Area A
Sections of two straight walls, oriented northwest-southeast, were exposed in the northwestern corner of the excavation; the walls were parallel to the contour lines (Fig. 5). The western wall (W1; length c. 3.5 m width c. 0.6 m) was built of one row of large fieldstones. The eastern wall (W2; length c. 9 m, width c. 1 m), exposed southeast of W1, was built of two rows of small and medium fieldstones. The two walls were constructed on top of leveled bedrock surfaces. Remains of tamped earthen floors (L104–L106, L108) and small stones (L107, L109, L110) were exposed near the walls.
Fragments of pottery and glass vessels, dating from the Early Roman and Late Byzantine periods, were among the finds collected above the floors.
Area B
Remains of two parallel walls, constructed on top of leveled bedrock surfaces, were exposed (Fig. 6). The western wall (W4) was exposed for a distance of 7.5 m and included two construction phases. The upper part (width c. 0.4 m) was built of small and medium stones along the line of W1 from Area A and both were apparently parts of the same wall. The ancient bottom part (width c. 0.5 m) was built of large fieldstones on top of the bedrock and had a slightly different direction. The eastern wall (W5; length c. 4 m, width c. 0.4 m) was built of one row of fieldstones on top of bedrock.
Several floors of tamped earth and crushed chalk were exposed (L118–L121), but the connection between the walls and the floors was unclear. They were incorporated in straight bedrock surfaces and the depressions and cracks in between were filled and paved with small stones (L122–L125). Pottery of the “Southern” family, including storage jars, various table wares, cooking pots and oil lamps, characteristic of the Intermediate Bronze Age, were found on the floors, as well as flint tools, including numerous sickle blades, grinding stones, round stone pounders and several animal bones.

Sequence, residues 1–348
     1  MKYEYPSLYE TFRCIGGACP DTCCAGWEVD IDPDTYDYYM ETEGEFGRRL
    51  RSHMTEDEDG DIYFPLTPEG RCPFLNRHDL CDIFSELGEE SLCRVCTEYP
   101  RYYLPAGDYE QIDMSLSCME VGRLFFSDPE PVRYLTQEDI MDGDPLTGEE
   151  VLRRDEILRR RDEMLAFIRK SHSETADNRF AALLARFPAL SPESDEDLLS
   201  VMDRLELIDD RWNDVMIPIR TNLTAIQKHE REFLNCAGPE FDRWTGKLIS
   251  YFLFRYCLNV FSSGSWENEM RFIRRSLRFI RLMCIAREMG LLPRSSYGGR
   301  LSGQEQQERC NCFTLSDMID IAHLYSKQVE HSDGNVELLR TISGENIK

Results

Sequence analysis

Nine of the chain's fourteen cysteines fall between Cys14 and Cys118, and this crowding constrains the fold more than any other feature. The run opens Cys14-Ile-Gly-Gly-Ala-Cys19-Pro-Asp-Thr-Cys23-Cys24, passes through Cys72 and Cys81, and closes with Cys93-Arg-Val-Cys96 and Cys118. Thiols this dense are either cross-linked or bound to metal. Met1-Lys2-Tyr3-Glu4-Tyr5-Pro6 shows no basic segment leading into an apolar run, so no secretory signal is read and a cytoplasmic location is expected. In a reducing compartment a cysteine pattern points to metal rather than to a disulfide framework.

Area C
The area was considerably lower than Areas A and B, and walls and floors from several periods were partially exposed (Fig. 7). A massive terrace wall (W3; length c. 13 m, width c. 0.9 m) built of large stones and set on the bedrock was revealed in the eastern part of the area. West of it, the top of a wall built of a single row of medium-sized fieldstones (W7; length c. 6 m, width c. 0.5 m), was exposed.
The remains of stone and tamped earth floors (L163, L169) were uncovered west of W3.
The excavation was not completed and the stratigraphic relationship between the floors and the walls is unclear. Pottery from the Intermediate Bronze Age and Middle Bronze Age II, flint tools and a scarab ascribed to the Middle Bronze Age IIC (Fig. 8) were discovered above the floors. Iron Age II pottery was discovered in the soil fill that abutted W3. Stone fill containing a large amount of potsherds from Middle Bronze Age IIC and Late Bronze Age I and II was discovered below the soil. The provenance of these finds was probably a tomb that had been dismantled when the terrace was constructed in the Iron Age, and the finds are not in situ.
Habitation remains from the Intermediate Bronze Age, Middle and Late Bronze Ages and Iron Age II were discovered in the excavation of Areas B and C. It seems that this settlement also stretched north and south of these areas.
Only field walls from the Early Roman and Late Byzantine periods were discovered in Area A, in the northwestern part of the excavation.
Toward the end of the Byzantine period, following a long settlement hiatus, the site was apparently turned into a cultivation plot along Jerusalem’s eastern boundary and stone walls from previous periods were dismantled to be constructed as farming terrace that crossed the area from north to south.